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Jill Jack’s career has spanned decades and taken her around the globe, performing solo and with her band at sold-out shows, and opening for world-renowned acts.
Jack grew up in Huntington Woods and has lived in Ferndale for the last 24 years. Her work includes self-written songs in a style she broadly calls Americana, encompassing elements of folk, rock, country, pop and blues. She plays acoustic and electric guitar, and describes her stage presence as friendly, with a focus on storytelling and a dash of humor.
“By the end of the show, we will all be great friends,” Jack said in an email. “As a musician, I feel we can heal with music. Listening to music is an emotional experience. I want to bring all of those emotions to the surface, while allowing the audience to be relieved of anxiety from their life.
“My storytelling is very relatable,” she added. “While some of my stories can be emotionally deep, I always add a hint of humor. It helps people feel a connection, and also that they are not alone in their troubles.”
Since 1997 she has won 46 awards from the Detroit Music Awards Foundation, a nonprofit that seeks to recognize Detroit-area artists at the local, regional and national levels. Her career spans more than 25 years and 12 award-winning CDs, as well as three new singles during the pandemic.
She has toured across the country, appearing as a headliner at venues and festivals such as SXSW (South by Southwest), the Ann Arbor Folk Festival, the 30A Songwriters Festival, the WYCD Downtown Hoedown, the Blissfest Musical Festival, The Bluebird Cafe and The Living Room in New York City. She has played for audiences as big as 20,000 people and as intimate as 20.
She has also starred in consistently sold-out shows at the historic Ark in Ann Arbor, and opened for such prominent touring acts as Bob Seger, John Waite, Emmy Lou Harris, Shawn Colvin, Patty Griffin, Dan Fogelberg, Marshall Crenshaw, Chris Isaak and Loretta Lynn.
On her new album, “Sin of Certainty,” Sadie Gustafson-Zook Embraces Self-Discovery.
Raised in a liberal Mennonite community in Indiana, Sadie Gustafson-Zook grew up playing music and attending quilt auctions with her folk musician parents. Life in a small town where her mother was a pastor was comfortable and straightforward, and she always felt supported in her music-making. On her new album “Sin of Certainty,” Gustafson-Zook explores the process of questioning all that she had taken for granted, through finding a new community in the roots scene of Boston, studying jazz, and coming out as gay.
Gustafson-Zook took a winding path of musical influence which is evidenced by the myriad of stylistic references in her work. Growing up, she sang hymns in church, played fiddle for square dances, and simultaneously played in the school orchestras and choirs. At Goshen College, a Mennonite school in her hometown, she studied classical voice, and was thrown headfirst into the world of opera when she was cast in the lead role for The Marriage of Figaro as a freshman. But as much as she loved classical music, Gustafson-Zook dreamed of being part of Boston’s thriving roots scene, where many of her favorite bands were based.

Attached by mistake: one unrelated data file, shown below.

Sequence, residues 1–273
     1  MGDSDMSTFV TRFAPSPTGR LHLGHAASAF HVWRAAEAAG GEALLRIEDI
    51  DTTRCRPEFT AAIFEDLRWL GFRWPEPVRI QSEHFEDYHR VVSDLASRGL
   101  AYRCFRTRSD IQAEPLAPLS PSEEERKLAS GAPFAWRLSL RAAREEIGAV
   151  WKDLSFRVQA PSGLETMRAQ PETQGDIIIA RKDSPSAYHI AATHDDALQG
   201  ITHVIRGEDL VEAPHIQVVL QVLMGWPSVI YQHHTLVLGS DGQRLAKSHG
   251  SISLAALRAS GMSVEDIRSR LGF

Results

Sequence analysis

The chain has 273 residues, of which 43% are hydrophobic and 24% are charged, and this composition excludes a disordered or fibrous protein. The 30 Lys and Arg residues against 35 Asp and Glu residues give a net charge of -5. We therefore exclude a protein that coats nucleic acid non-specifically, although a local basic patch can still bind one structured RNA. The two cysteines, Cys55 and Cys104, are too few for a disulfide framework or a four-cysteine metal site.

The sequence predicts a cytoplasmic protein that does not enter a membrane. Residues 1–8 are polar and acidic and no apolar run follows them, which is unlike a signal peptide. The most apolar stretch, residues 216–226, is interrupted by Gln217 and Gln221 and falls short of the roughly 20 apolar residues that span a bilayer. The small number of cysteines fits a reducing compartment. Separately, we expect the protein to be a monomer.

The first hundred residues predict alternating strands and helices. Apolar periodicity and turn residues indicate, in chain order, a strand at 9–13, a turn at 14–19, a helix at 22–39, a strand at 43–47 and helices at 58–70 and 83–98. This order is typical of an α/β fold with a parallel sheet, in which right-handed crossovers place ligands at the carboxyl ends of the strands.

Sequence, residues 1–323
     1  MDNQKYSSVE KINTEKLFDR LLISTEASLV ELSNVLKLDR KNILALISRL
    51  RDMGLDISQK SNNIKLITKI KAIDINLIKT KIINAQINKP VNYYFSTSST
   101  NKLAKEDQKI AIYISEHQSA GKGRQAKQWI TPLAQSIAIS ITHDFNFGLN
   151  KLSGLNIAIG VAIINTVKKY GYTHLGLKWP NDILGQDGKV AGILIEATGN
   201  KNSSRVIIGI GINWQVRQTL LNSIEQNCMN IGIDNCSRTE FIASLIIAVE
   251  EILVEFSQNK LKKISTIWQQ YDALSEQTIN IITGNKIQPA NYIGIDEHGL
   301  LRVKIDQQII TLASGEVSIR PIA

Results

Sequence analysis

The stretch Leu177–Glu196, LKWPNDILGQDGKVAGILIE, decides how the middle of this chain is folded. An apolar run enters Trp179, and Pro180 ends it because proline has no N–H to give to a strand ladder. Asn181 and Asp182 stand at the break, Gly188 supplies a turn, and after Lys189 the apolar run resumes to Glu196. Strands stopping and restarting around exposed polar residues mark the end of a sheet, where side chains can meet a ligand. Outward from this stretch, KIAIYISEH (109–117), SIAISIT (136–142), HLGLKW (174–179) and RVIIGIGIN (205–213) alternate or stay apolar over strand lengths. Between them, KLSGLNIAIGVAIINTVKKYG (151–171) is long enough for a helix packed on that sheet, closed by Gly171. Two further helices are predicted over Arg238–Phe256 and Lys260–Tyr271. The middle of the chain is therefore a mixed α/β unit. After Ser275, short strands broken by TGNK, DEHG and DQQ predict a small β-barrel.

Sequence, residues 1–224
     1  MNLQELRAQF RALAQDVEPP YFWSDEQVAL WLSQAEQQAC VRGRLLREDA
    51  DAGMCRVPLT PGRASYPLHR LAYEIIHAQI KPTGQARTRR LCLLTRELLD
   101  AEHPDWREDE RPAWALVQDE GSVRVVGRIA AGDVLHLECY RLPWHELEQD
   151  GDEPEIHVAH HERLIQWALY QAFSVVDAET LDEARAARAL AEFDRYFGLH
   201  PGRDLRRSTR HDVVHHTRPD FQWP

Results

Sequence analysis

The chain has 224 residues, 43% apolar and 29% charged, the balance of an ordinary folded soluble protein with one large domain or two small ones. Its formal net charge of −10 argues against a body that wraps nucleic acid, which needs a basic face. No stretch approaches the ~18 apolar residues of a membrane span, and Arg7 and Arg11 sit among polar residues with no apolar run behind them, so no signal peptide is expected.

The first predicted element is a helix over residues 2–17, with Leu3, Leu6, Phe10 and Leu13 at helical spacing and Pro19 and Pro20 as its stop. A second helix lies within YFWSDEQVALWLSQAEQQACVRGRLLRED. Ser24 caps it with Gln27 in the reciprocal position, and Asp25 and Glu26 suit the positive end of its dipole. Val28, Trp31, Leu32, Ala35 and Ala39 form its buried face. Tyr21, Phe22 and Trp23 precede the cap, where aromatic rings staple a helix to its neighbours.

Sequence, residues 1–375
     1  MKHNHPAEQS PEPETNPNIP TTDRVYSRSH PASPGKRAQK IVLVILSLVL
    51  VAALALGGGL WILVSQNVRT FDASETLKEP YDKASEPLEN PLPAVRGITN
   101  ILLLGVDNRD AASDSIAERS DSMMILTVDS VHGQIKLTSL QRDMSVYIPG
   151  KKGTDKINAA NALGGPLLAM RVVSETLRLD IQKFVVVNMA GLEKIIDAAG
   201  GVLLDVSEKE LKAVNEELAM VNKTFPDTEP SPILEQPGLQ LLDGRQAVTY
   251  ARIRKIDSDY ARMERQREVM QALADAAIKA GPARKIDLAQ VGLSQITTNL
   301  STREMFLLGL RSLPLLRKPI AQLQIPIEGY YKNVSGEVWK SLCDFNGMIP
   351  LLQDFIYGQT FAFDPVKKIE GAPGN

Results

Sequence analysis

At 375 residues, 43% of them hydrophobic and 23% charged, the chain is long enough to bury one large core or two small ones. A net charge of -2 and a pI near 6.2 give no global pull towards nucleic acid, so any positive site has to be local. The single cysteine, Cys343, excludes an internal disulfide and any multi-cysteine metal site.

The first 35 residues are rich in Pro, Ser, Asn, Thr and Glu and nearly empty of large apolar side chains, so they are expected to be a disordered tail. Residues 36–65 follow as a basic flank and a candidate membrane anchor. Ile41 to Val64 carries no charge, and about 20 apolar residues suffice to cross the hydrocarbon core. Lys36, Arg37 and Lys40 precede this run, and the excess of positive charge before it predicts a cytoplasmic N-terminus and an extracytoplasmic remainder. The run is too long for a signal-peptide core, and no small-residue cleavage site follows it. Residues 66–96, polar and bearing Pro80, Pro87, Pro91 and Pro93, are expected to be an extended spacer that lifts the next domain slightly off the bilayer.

Leaving home and it’s’ warm cocoon of support,Gustafson-Zook moved to Boston and found a place studying jazz voice at the Longy School of Music at Bard College. At the famed “Brighton House”, a shared rental known for its rotating cast of wildly talented roots musician tenants, Gustafson-Zook found new community, and penned many of the songs that would end up on her album “Sin of Certainty.” “Back when I was at Goshen, I took a class about conflict and violence, in which we discussed ‘the grace of uncertainty’, to quote from my teacher Carolyn Schrock-Shenk ‘one of the first casualties of escalated conflict is uncertainty—meaning that as the tension rises, people tend to become more certain that their particular view of truth is the right one.’” Gustafson-Zook explains. “Years later, I was thinking about these songs, and how I say the phrase ‘I don’t know’ in so many of them, I realized how much that idea had stuck with me. As I have been stumbling my way through my ‘20s, the idea of the grace of uncertainty has emerged as somewhat of a mantra to me. Not only in an academic discourse sense, but in a personal self-realization sense; holding my own truth lightly enough that I can consider other truths for myself as my life winds in different directions. The flip of the phrase into the ‘Sin of Certainty’ speaks to certainty’s underside, which comes out with a vengeance. So far, my ‘20s have been more ‘Sin of Certainty’ than ‘Grace of Uncertainty’. Hopefully, as I age, I can become more graceful and less certain.”
The album describes the pain of self-discovery as well as immense gratitude for the new experiences found as a result. Starting her journey with “Maybe I Don’t Know,” Gustafson-Zook sings, “with every wrong decision, I get closer to me.” Later on “Lean In More”, which Gustafson- Zook describes as “the first gay love song I ever wrote”, she sings, “you have listening ears / and you yearn to hear/ all I have to say / even when I am unsure / you lean in more.” Accompanied by Mari Chaimbeul on harp and Alec Spiegelman’s intricate production, Gustafson-Zook’s Joni Mitchell-esque vocals soar with both gentleness and intent, leaving the listener feeling heard and understood just as Gustafson- Zook describes feeling in the song.